Baby Clark Gas Outfit

WLMD ID: amwr
Chicago inventor Albert Charles Clark founded the dental equipment firm, A. C. Clark & Company, in 1895. From 1904 into the 1920s, Clark also made anesthesia machines. Their original model, the Clark Correct Apparatus, was one of the first in the world to administer what would become the standard triad of agents, nitrous oxide, oxygen and ether. Through the 1910s, Clark marketed its New Model Gas Outfit, and the more compact Baby Clark Gas Outfit. But the tide was already turning against this pioneer. Around 1910, Elmer I. McKesson, M.D. (1881-1935) modified the Clark regulating valve, founded his own company, and launched a new generation of anesthesia machines. At the same time, several manufacturers were marketing portable apparatus for obstetrical analgesia (pain relief) and anesthesia. These companies included Foregger, Heidbrink, McKesson, and Teter. The Clark "Baby" may have been named with this competition in mind.

Catalog Record: Baby Clark Gas Outfit Baby Clark Gas Outfit

Access Key: amwr

Accession No.: 443

Title: [Baby Clark Gas Outfit] / A. C. Clark & Co.

Corporate Author: A. C. Clark & Co.

Publisher: Chicago, Ill. : A. C. Clark & Co., [between 1910 and 1920?].

Physical Description: 1 anesthesia apparatus: metals, wood, paint ; 52.5 x 38 x 37 cm.

Subject: Anesthesia, Inhalation.
Subject: Analgesia, Obstetrical.
Subject: Anesthesia Machines.
Subject: Nitrous Oxide.
Subject: Oxygen.
Subject: Ether, Ethyl.

Web Link: https://www.woodlibrarymuseum.org/museum/item/1007/baby-clark-gas-outfit

Note Type: General
Notes: The date range is based on the earliest and latest descriptions of the Clark New Model Gas Outfit, of which this is considered a variant. The cataloger found publications which specifically describe the Baby Clark Gas Outfit dating only from 1915 to 1918.

The front is considered that side which faces the patient, where a vaporizer and hose would attach to the unit. The back is considered that side which would hold the cylinders and their control knobs. When seen from the back all markings are right-side up, and this is the orientation in which the object is described. But if addressed from the back, these markings could be obscured when compressed gas tanks are in place. Also, from this distance it would be difficult to reach the patient. The apparatus might be easiest to use when the operator is seated beside it, rather than behind it.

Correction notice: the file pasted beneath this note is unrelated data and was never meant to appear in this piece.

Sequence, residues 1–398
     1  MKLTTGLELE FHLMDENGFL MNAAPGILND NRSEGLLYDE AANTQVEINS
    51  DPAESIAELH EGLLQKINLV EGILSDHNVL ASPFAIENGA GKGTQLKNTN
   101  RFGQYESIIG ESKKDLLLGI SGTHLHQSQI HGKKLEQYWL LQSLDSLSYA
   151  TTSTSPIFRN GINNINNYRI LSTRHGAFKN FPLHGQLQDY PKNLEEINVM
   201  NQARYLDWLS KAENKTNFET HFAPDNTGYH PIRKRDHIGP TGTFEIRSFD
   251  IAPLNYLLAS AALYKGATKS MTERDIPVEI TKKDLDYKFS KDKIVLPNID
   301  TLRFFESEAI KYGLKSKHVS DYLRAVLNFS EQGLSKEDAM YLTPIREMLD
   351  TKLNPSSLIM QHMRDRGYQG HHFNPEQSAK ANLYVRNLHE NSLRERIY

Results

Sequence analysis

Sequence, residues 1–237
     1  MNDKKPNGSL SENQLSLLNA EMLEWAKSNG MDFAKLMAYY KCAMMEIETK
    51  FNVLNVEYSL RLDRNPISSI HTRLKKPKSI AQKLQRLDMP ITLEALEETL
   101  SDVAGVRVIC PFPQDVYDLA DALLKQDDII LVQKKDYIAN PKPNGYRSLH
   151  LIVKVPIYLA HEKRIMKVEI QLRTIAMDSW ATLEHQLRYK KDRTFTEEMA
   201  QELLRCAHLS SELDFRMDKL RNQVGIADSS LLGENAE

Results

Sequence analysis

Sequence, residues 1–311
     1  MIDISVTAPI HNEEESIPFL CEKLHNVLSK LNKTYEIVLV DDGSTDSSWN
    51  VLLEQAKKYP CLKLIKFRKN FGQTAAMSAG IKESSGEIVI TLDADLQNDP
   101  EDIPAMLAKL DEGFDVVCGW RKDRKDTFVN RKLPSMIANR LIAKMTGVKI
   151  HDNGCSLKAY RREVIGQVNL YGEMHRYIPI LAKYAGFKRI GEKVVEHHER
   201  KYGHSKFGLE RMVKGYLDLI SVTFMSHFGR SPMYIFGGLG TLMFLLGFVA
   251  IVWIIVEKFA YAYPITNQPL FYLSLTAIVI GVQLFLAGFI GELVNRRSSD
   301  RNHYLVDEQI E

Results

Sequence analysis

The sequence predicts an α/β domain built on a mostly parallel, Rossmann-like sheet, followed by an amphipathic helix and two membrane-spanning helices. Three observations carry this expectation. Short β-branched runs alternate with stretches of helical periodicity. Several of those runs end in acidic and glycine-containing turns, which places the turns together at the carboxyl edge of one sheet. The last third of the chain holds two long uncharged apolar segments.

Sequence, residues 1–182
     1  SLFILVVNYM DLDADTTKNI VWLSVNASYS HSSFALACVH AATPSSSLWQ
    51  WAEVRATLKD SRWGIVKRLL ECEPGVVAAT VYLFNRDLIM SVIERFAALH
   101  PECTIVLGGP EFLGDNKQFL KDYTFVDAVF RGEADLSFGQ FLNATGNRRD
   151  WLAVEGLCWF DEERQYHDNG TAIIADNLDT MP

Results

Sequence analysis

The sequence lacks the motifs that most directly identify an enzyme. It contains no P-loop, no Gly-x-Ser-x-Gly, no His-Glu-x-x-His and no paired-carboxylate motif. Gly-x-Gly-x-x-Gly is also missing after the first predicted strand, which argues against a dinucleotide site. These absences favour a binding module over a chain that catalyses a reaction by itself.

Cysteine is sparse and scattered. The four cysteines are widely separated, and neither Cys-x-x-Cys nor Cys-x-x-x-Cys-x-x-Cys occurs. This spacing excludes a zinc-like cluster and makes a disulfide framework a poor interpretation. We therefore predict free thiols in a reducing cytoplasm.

Note Type: Citation
Notes: A. C. Clark & Company File. Archives. Located at: Wood Library-Museum of Anesthesiology, Schaumburg, Illinois.

Note Type: Citation
Notes: Coburn RC. Nitrous oxide analgesia in labor. New York State Journal of Medicine. February, 1919; 19(2):37-40.

Note Type: Citation
Notes: Davison MHA. The evolution of anaesthesia (Part 2). British Journal of Anaesthesia. October 1958;30(8):504.

Note Type: Citation
Notes: Eger EI, 2nd., Ed. Nitrous Oxide / N2O. New York: Elsevier, 1985.

Note Type: Citation
Notes: McKesson EI. Nitrous oxid-oxygen anaesthesia; with a description of a new apparatus. Surgery, Gynecology and Obstetrics. October, 1911; 13: 456-462.

Note Type: Physical Description